Even in familial systems, equality didn't exist; it just has less hostile negotiation. And under stress, Bushmen practiced both infanticide as well as abandoning the old.

You don't need currency to have an adequate stand-in for exchange of power and value.

So who gets the last slice of pizza?

Okay, let's see. Where I'm from, the social norm was that no one takes the last piece of bread. What you do, you break it, and take half. Then the next person can take half of that, and so on, until it turns into a crumb.

In other places I've been, the norm was: you point to the last slice and ask: 'anyone want this?' Everyone would say 'no', and then you can take it.

But in general, the typical anarchist approach is this: those who are perceived as consistently greedy (or otherwise 'anti-social') first get punished by ostracism, from the mildest form to severe (refusal to communicate with the offender). And then, if their behavior doesn't change, they get expelled from the commune.

As for

Bushmen practiced both infanticide as well as abandoning the old.

what of it? Social norms ('morality') are not absolute, they are dictated by the environment. Where the alternative to infanticide and abandoning the old is extinction, they become social norms. Read More

EH , April 21, 2017 at 6:57 am GMT \n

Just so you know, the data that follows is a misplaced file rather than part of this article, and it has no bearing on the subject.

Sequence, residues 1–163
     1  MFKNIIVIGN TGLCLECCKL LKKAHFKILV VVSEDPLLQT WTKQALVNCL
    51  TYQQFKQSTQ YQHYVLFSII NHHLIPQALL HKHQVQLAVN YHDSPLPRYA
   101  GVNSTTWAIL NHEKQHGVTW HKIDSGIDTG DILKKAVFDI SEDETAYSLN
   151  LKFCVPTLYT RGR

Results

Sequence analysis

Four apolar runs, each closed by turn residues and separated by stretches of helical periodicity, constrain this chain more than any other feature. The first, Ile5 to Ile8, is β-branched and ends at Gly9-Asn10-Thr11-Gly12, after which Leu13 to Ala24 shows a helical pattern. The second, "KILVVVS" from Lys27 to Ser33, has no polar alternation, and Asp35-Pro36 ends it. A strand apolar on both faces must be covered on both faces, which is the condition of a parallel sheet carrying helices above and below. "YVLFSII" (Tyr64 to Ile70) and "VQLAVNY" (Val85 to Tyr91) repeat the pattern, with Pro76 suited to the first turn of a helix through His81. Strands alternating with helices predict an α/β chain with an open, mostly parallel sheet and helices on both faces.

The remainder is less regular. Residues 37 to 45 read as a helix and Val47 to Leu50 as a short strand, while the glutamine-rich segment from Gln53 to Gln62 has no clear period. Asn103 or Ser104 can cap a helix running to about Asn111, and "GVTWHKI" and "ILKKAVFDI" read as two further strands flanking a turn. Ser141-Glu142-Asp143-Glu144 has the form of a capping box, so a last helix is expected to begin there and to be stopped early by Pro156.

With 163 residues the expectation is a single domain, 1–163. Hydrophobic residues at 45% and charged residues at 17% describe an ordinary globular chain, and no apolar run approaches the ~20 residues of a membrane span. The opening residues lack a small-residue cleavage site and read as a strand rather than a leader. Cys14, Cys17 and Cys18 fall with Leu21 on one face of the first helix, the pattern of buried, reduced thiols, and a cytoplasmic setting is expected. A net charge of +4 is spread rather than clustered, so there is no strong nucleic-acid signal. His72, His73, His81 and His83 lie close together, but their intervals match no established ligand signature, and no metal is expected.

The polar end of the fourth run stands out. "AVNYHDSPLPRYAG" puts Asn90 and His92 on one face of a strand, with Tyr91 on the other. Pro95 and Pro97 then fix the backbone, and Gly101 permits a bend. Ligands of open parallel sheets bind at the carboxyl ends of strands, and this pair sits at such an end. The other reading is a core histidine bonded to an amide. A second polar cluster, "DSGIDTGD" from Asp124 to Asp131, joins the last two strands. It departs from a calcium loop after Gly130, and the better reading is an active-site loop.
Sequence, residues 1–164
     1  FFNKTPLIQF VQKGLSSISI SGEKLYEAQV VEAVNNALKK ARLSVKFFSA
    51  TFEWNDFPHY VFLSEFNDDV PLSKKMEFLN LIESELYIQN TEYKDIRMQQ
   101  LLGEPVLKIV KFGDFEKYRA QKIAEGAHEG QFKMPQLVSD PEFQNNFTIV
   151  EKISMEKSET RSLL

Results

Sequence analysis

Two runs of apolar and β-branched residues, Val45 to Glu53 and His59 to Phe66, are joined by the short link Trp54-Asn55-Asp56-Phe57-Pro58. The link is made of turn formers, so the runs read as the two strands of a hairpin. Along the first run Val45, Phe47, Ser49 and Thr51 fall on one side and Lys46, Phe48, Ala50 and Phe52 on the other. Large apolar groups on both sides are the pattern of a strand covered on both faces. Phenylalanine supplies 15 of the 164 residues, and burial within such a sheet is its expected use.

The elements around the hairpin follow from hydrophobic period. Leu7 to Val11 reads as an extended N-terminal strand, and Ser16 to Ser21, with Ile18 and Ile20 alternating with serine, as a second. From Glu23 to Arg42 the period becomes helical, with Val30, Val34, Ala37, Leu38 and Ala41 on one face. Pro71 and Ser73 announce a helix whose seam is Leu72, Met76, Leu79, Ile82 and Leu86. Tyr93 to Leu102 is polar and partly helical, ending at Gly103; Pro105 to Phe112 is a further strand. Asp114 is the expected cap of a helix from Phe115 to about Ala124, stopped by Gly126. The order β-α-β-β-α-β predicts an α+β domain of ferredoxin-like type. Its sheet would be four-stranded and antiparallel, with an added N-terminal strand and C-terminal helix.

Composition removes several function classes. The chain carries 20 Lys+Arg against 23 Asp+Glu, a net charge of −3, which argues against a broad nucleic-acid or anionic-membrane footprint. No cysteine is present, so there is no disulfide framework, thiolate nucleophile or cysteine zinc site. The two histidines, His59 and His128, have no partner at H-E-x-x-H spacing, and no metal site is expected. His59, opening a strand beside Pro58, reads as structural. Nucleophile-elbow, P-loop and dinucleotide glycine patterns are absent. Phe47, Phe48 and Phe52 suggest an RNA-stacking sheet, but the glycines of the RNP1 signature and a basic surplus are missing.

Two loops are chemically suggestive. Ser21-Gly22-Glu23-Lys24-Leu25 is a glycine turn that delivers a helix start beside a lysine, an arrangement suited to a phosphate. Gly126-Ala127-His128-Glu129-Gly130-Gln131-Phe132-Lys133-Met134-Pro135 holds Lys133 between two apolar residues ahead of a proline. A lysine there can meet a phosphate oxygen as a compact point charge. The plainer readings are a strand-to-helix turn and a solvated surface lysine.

300 Words Additional monetary wealth is valued in relation to existing wealth, so that a 1% increase has the same perceived utility whether one has $1M or $1000. This implies a logarithmic utility function for monetary wealth, an idea which is accepted in economics since it is equivalent to setting an investment goal of maximizing percentage returns, but the inescapable mathematical implication of logarithmic utility of wealth is unpopular among economists. If we assume that people have roughly equal capacity for enjoyment, then the aggregate utility of wealth for a society is maximized by its members having roughly equal wealth. For instance, a person with $100 gets a utility of log(100) = 2 from that, and someone with $1B gets a utility of log(10^9) = 9. If the billionaire's wealth is distributed so that 10M people each have $100, then the aggregate utility of that $1B rises from 9 to 20M, or over two million times as much utility.